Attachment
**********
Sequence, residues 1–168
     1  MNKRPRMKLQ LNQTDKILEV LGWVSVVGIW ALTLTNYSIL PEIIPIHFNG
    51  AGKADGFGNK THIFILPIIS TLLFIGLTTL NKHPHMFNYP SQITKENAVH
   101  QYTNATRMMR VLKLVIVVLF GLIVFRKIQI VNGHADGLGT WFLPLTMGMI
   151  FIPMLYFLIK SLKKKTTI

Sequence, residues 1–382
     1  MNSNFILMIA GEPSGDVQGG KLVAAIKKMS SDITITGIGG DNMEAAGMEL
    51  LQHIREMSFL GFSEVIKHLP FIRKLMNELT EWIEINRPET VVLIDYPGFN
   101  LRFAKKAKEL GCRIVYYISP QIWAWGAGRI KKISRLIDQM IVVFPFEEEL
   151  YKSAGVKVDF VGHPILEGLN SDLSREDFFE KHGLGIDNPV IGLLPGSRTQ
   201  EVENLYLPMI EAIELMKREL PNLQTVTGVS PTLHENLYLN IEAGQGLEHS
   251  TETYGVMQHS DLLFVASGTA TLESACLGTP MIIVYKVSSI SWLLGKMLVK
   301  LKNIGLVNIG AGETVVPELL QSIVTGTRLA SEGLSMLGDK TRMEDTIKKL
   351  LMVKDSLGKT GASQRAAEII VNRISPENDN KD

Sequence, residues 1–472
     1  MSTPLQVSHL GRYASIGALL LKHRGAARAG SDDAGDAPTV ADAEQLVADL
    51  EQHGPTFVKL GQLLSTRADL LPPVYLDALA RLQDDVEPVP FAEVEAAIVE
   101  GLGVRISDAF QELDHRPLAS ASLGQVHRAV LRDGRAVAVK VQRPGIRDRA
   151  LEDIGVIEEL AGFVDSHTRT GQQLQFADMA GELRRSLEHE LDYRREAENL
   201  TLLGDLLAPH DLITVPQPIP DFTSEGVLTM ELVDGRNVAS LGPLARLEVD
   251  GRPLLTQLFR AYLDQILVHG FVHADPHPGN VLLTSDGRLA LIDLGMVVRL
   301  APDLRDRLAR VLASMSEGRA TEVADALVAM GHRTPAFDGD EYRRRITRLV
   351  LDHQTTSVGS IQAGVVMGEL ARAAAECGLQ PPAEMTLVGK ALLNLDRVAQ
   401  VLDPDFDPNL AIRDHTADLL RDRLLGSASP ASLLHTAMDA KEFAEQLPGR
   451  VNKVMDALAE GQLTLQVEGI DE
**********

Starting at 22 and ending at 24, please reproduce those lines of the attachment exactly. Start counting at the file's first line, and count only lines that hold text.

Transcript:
   301  APDLRDRLAR VLASMSEGRA TEVADALVAM GHRTPAFDGD EYRRRITRLV
   351  LDHQTTSVGS IQAGVVMGEL ARAAAECGLQ PPAEMTLVGK ALLNLDRVAQ
   401  VLDPDFDPNL AIRDHTADLL RDRLLGSASP ASLLHTAMDA KEFAEQLPGR